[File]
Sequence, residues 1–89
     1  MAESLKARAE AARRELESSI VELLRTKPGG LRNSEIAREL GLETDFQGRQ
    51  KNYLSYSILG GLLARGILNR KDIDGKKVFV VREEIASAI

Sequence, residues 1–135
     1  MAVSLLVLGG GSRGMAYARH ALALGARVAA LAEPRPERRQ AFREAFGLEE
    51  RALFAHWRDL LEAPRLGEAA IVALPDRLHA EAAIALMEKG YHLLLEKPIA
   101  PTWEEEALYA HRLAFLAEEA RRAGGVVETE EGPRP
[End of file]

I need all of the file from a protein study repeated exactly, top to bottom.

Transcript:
Sequence, residues 1–89
     1  MAESLKARAE AARRELESSI VELLRTKPGG LRNSEIAREL GLETDFQGRQ
    51  KNYLSYSILG GLLARGILNR KDIDGKKVFV VREEIASAI

Sequence, residues 1–135
     1  MAVSLLVLGG GSRGMAYARH ALALGARVAA LAEPRPERRQ AFREAFGLEE
    51  RALFAHWRDL LEAPRLGEAA IVALPDRLHA EAAIALMEKG YHLLLEKPIA
   101  PTWEEEALYA HRLAFLAEEA RRAGGVVETE EGPRP